Everyone has a dream garage. It might have two cars in, it might have two hundred, but we all have those vehicles that we'd buy as soon as the Lotto win landed. I most certainly do, but it changes with the wind. The only constant is the Ferrari 812 Superfast. No, really - it would be the first buy. I first drove one almost four years ago, and haven't gone many hours since without mentioning how unutterably wonderful it was.
Why? Plenty of things, but for the sake of this we'll focus on the engine. The F140 GA V12 might be Ferrari at its finest; there are more powerful iterations (the F140 GC, HB and HC, since you're asking) but they're all in crazy-expensive exotica. And there's still 800hp (!) in this one, with the most exhilarating rush to peak power at 8,900rpm. There's not a more thrilling experience in road cars than an 812 when the blue shift lights are lit, I'm sure.
Which made one an easy choice to celebrate great V12s - because there might not be one greater. This Superfast, to me, is particularly fantastic: red wouldn't be my first choice for a V12 Ferrari, but Rosso Fiorano Metallizzato is stunning. Add to that silver wheels, tan leather, and some carbon goodies, and it's pretty much the perfect example of my favourite modern Ferrari. Which would make it a quarter of a million from the jackpot very well spent. MB
While you'll certainly find more impressive, shoutier V12s out there, I've gone with the Jaguar XJS V12 for two key reasons. Firstly, to me it stands out as something underappreciated, quiet, and unassuming - yet powerful. Secondly, I actually own one! Having driven my XJ-S around the NC500 last summer, I feel somewhat qualified to speak for the big cat's ability to tirelessly devour miles, but that's a story for another day...
For now, some history. Beginning its life with the significant disadvantage of being the successor to the captivating E-Type, the XJ-S was immediately (and now infamously) criticised for not being an E-Type. Pundits baulked at the styling, particularly the 'flying buttresses', as well as its voracious thirst. Concerns, however, were soon allayed, as the motoring community came to appreciate the refined power, comfortable road feel, and the luxurious setting you got with this true grand tourer. History eventually silenced the naysayers as the XJ-S (or XJS, depending on the period) remained in production for over 20 years, and even won the Bathurst 1000 in 1985.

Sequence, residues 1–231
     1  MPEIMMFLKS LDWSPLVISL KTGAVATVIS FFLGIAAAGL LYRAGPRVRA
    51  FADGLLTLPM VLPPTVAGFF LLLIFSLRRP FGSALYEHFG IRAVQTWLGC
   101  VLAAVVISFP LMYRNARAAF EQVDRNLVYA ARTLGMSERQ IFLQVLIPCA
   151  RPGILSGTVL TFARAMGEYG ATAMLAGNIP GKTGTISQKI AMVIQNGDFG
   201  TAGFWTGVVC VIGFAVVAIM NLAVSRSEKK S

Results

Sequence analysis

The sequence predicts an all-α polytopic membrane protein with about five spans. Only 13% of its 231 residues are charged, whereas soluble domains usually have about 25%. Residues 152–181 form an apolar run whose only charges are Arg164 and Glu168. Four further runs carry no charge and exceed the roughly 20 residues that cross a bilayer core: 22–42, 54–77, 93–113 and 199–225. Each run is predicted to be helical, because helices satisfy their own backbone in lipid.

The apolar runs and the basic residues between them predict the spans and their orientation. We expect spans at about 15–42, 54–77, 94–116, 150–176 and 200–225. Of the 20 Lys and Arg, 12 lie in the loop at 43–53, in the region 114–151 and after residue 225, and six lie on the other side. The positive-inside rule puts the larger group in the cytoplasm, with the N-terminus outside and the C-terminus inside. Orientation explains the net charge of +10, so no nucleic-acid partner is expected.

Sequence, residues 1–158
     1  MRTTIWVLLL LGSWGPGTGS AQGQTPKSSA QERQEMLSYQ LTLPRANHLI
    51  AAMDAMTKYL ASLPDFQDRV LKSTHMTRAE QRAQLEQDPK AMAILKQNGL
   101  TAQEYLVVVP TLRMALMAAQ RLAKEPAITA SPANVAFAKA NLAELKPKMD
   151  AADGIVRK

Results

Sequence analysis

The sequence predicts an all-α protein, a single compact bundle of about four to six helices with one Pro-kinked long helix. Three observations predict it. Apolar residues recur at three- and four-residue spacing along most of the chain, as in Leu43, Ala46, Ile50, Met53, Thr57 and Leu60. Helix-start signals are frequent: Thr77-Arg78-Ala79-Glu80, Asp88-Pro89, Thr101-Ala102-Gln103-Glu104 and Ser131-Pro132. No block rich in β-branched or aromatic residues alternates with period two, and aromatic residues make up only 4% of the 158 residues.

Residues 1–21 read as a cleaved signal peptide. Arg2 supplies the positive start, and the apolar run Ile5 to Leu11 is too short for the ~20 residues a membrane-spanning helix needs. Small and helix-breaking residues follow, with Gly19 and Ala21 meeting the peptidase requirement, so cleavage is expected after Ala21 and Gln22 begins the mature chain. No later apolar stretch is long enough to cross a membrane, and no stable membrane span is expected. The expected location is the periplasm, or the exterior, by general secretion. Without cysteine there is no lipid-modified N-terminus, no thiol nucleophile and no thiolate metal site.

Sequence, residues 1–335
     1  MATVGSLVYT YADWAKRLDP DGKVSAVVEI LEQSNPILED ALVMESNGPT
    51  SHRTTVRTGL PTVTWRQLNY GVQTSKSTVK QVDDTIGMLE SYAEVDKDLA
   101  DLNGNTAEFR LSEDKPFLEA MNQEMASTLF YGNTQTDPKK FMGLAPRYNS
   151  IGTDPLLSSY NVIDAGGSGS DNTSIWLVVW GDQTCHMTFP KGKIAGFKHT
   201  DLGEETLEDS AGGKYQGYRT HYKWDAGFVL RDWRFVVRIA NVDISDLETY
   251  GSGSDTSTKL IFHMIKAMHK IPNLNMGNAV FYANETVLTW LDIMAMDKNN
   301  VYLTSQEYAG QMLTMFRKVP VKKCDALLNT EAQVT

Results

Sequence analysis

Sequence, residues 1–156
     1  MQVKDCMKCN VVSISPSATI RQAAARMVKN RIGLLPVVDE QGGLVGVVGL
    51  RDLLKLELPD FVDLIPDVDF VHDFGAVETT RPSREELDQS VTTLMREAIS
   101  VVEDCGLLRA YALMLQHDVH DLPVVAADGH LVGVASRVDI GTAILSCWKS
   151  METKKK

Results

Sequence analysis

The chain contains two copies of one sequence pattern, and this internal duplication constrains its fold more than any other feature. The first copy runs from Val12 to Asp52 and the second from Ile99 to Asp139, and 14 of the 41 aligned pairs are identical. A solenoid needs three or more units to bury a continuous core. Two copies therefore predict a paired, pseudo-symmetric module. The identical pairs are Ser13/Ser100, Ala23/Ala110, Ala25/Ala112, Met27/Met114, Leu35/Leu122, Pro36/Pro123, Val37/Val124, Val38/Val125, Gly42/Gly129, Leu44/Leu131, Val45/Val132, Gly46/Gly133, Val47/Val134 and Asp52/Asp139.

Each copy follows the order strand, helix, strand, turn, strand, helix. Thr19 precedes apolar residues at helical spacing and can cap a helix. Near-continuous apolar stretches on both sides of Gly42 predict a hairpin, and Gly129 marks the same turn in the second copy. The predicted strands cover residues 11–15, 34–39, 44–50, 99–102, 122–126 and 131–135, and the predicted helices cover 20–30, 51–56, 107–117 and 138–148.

Regarding the topic of the day, the 5.3-litre, 12-cylinder behemoth under the bonnet, there have been many iterations over the years with varying degrees of power, capacity, reliability, and efficiency. This one, I feel, strikes a great balance. Being an HE (high efficiency) you can expect a thrifty, um, 15-20mpg, while producing almost 300hp. This vehicle itself is beautiful in my eyes: a chrome-bumpered, quad-headlight coupe in maroon over cream lather - with the added bonus of being a Le Mans special edition. This would certainly tempt, if I hadn't scratched the itch already. AF
We had an Aventador join us in convoy to Le Mans back in 2016; alas, I was in a Jeep following the Lamborghini, but it probably sounded better on the outside than on the inside anyway. The exhaust note bouncing around the French tunnels still resonates through my ears today; it was like no noise I'd heard on the public roads before. You could hear it long before you could see it, as drivers craned their necks expecting to see an early-90s F1 car overtake them.
I was going to choose a 'regular' LP700-4 just like that one. Considering early ones can be bought for a little over half their new price, they look like good value. But I've opted for something slightly more special and much more expensive: the LP 770-4 SVJ. I've only ever ridden shotgun in one of these when we had the press car in 2019, constrained to little more than walking pace it seemed, but the big Lambo still looked and sounded magnificent.
There are only a handful to choose from in the classifieds currently, so really it comes down to colour choice. I've gone for green this time, but I'm not picky on colour - just give me one! High on the Lotto win list and if my numbers ever come up, you'll find me in the Hindhead tunnel (and the petrol station...) every single day. SL